Getty Images vs Shutterstock Pros and Cons

(Image Credit: Shutterstock)
shutterstock logo
(Image Credit: Shutterstock)



  • High quality images
  • Plenty of plugins and extensions for integrations
  • Browser-based editor
  • Very high total number of images
  • Cheaper for lower volumes of images
  • Good monthly subscription packs and prices
  • No confusing licenses or multiple collections


  • On-demand pack sizes are very small
  • Subscription credits expire at the end of the month
  • Cannot download more images than your subscription plan
getty images
(Image Credit: Getty)
(Image Credit: Getty)

Getty Images


  • World-famous imagery
  • The widest selection of images of any library
  • The highest quality images of any library
  • Access to a dedicated image clearance team
  • Fantastic all-round support
  • Exclusive image licensing available
  • Easy to use pricing structure
  • Ideal for photos of celebrities and for single photos for advertising major products


  • Very expensive
  • Not ideal for those wanting to create composite images

Who Should Use Shutterstock?

Shutterstock offers a comprehensive library of images to suit pretty much any project. Images are on average of lower quality when compared to Getty, but are more than good enough for most, and are significantly cheaper.

shutterstock search
(Image Credit: Shutterstock)

The site has some basic integrations with Adobe software, but you will likely be using it in isolation, searching through the web browser and using the well-designed filters. If you want Photoshop or Illustrator integrations that work well enough that you don’t need to use a browser and can search from within those programs, then take a look at Adobe Stock.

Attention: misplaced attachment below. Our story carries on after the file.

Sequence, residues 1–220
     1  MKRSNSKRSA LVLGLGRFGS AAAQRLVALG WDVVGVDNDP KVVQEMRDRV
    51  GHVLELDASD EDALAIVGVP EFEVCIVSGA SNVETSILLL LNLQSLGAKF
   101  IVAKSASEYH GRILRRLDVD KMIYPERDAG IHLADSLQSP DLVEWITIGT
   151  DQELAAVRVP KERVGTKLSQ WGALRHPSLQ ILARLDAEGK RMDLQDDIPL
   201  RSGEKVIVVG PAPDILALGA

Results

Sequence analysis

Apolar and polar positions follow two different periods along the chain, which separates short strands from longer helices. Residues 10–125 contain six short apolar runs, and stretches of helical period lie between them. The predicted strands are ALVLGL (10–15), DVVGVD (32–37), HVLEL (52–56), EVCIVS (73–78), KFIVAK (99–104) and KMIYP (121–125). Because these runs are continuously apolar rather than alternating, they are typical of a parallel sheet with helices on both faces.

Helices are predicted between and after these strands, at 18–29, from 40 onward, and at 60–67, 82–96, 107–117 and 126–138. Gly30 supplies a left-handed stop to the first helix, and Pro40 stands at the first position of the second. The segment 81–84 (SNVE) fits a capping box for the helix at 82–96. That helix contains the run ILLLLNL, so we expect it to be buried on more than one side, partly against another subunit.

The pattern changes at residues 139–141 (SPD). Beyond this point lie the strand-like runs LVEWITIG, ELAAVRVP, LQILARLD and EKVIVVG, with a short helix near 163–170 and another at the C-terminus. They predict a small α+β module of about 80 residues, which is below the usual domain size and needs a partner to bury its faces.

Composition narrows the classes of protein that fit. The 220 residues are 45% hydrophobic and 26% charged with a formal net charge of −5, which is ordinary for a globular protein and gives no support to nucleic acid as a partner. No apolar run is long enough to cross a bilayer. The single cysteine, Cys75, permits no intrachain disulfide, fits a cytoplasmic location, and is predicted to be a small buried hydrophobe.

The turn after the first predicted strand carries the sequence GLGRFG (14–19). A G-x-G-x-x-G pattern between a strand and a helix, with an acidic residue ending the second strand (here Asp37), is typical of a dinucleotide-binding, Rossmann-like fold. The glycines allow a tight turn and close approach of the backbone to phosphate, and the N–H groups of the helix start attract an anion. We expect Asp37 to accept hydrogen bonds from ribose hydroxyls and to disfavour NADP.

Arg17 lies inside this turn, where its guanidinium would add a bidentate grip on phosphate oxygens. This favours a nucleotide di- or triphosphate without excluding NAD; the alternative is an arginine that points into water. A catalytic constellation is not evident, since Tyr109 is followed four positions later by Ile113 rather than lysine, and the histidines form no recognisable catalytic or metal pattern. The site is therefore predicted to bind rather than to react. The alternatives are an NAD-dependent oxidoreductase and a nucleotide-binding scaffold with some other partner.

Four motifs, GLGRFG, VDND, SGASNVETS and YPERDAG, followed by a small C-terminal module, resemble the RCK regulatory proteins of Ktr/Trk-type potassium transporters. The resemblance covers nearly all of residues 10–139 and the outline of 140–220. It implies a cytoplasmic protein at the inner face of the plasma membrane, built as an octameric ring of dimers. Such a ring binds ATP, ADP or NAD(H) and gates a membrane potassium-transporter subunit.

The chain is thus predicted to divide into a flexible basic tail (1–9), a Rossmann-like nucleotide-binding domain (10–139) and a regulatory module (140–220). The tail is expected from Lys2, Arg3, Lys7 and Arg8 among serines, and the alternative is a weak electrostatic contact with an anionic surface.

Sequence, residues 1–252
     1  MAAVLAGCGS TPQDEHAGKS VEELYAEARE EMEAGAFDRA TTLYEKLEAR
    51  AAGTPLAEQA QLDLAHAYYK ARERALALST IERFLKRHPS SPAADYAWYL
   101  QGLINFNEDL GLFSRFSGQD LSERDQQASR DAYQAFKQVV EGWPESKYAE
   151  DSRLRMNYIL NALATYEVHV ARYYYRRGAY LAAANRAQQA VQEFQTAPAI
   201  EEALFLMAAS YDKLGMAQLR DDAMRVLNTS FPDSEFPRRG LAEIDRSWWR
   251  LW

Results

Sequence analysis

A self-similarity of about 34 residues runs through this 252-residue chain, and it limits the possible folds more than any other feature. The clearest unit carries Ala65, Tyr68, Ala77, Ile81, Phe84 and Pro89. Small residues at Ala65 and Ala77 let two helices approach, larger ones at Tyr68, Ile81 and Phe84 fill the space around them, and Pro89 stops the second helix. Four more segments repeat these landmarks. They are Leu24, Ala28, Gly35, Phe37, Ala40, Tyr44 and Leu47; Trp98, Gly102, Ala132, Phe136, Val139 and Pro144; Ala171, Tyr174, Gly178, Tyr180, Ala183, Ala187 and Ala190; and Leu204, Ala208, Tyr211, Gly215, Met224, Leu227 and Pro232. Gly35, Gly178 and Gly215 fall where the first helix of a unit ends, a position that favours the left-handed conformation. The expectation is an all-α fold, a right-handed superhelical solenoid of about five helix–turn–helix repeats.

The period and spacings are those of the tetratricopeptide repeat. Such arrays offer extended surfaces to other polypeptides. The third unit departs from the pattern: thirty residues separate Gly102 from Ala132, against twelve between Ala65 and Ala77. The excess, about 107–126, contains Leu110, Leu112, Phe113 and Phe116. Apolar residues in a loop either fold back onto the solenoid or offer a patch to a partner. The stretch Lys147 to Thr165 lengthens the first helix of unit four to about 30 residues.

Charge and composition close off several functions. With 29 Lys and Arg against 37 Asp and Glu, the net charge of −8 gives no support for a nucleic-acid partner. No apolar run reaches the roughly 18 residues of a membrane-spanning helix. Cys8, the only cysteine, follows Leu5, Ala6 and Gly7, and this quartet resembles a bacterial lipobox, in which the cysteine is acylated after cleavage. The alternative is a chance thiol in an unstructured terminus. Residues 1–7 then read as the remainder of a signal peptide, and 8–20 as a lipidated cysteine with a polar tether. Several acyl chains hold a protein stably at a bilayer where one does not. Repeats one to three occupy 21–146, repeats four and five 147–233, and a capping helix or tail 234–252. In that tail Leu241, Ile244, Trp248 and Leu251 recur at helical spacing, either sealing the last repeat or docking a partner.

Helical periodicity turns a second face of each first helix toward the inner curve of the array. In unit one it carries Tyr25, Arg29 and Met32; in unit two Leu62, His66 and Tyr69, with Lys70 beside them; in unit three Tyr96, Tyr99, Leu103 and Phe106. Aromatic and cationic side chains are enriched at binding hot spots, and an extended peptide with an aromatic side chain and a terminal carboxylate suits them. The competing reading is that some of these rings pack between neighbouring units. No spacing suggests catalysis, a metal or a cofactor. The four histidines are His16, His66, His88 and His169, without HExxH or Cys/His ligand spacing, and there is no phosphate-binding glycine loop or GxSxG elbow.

shutterstock filters
(Image Credit: Shutterstock)

The search filters are primarily aimed at finding images of people, which seems to consist of the majority of the Shutterstock library. There are of course plenty of non-person centric photos, but these can be be harder to find, unless they have been keyworded well by the photographer.

shutterstock editor
(Image Credit: Shutterstock)

A real advantage of Shutterstock over Getty is the inclusion of a browser-based image editor. This only allows for basic edits, but for those who are unfamiliar with traditional design programs, or don’t have access to them, the editor allows you to modify images to make them unique – a massive bonus particularly for web use.

Shutterstock pricing is also much lower than for Getty, meaning that if you are at all working to a budget, then Shutterstock is going to be the better choice for you.